CHICAGO — Taft High School maintained its status as one of the city's highest-rated high schools for the third straight year, while Steinmetz College Prep High School notched up its ranking, according to CPS officials.
Taft achieved a Level 1 quality rating — the second-highest CPS academic ranking — and Steinmetz jumped from Level 2 to Level 2+, according to rankings released Friday.
The system gives schools one of five ratings to evaluate whether a school is successful in preparing students for colleges or careers.
The top rating is Level 1+, awarded to schools that “demonstrate above-average performance that far exceeds expectations,” the district says. Level 3 is the lowest rating, and those schools could face action from CPS officials.
The ratings are based on a mix of factors, including standardized test scores, the growth of those scores, attendance rates and graduation rates.
While Taft's 7th- and 8th-grade academic center earned a Level 1+ rating, the high school came within 0.2 points of earning the highest possible score, according to principal Mark Grishaber.
The rankings are "the direct result of the hard work of our teachers, administrators, [Local School Council] and staff as well as our 3,357 students taking responsibility for their own education," Grishaber said.
Schurz High School in Old Irving Park fell to a Level 2 rating from Level 2+ last year, making it the only Far Northwest Side school to see its ranking fall this year. Level 2 is the fourth out of five CPS academic rankings, meaning that district officials believe Schurz needs "provisional support."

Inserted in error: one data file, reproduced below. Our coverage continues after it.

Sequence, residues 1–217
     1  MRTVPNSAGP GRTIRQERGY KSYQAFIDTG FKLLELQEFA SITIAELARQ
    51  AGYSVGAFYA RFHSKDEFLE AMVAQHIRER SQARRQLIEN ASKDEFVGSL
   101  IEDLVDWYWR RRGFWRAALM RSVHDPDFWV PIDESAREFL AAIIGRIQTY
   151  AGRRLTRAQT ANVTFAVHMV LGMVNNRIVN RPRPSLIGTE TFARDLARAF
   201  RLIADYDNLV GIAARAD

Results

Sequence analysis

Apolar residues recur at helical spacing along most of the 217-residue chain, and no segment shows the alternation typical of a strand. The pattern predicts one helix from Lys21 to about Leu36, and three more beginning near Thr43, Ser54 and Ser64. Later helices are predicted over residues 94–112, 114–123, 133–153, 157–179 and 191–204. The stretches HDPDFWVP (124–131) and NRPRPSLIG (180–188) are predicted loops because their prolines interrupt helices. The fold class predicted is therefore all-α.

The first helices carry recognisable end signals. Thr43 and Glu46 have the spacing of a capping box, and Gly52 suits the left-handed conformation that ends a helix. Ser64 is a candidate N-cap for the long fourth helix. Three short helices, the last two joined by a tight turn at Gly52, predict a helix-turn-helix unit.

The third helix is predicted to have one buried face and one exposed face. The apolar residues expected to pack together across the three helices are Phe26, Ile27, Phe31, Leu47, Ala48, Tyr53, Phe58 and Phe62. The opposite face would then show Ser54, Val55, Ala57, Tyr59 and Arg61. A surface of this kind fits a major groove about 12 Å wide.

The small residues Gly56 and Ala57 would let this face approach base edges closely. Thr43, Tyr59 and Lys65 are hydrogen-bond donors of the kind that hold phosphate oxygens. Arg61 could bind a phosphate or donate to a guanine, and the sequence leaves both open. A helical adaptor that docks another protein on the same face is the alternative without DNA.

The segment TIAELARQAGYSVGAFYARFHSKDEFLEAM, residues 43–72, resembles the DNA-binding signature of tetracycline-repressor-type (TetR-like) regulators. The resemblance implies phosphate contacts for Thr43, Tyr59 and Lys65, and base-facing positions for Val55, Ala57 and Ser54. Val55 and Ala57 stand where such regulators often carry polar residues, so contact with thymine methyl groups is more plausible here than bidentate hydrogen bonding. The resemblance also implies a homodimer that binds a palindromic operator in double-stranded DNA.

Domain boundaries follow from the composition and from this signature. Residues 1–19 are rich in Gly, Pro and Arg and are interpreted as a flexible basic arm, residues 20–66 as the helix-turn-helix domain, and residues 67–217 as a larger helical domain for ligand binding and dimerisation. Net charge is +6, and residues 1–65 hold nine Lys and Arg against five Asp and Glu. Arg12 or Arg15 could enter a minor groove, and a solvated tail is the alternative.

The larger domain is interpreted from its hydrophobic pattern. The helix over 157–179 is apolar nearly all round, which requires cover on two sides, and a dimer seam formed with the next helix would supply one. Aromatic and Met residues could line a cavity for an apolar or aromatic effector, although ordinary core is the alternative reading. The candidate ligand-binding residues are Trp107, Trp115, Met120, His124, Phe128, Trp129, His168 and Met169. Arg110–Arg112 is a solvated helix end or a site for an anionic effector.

Foreman High School in Portage Park was also listed as a Level 2 school.
Chicago Academy High School, which is run in Portage Park by the nonprofit Academy for Urban School Leadership, is rated Level 1.
Elementary schools on the Far Northwest Side are rated among the city's best, with all schools considered to be in good standing. Every school northwest of Cicero and Belmont avenues boasts at least a level 1 rating, with most sporting the highest possible rating.
Reinberg Elementary School in Portage Park ascended to Level 1 from Level 2+ last year, and Edison Park Elementary School jumped from Level 1 to Level 1+.
Meanwhile, Taft continues to stretch its status as the city's most overcrowded school, enrolling 3,372 students this year — 75 more than last year. The school was built to accommodate 2,184 pupils.
City officials presented a plan Thursday to build a new high school in Dunning with enough room for 1,200 students. District leaders are "leaning very strongly" toward opening the school in 2019 as a satellite campus for Taft's freshmen and academic center students, in an effort to relieve the crowding, they said.
The Norwood Park school owes its packed halls in part to its sprawling attendance boundaries, which reach as far as Mayfair to the east and O'Hare to the west. The boundaries would stretch even farther, swallowing the entire Dunning neighborhood, if the freshman campus opens.
"You can't find anything in the city close to how vast [Taft's] assignment zone," CPS demographics director Jim Dispensa said at a public meeting Tuesday night. "There are some parts of the city where you have 12 high schools in the same area size."
But the school's growing enrollment also means it's due for more funding. And this year, principal Mark Grishaber will funnel an extra $100,000 into teacher overtime so he can spread students into more rooms, he said earlier this month.
"We don't want any more super classes with 35 or 36 students in them," Grishaber said.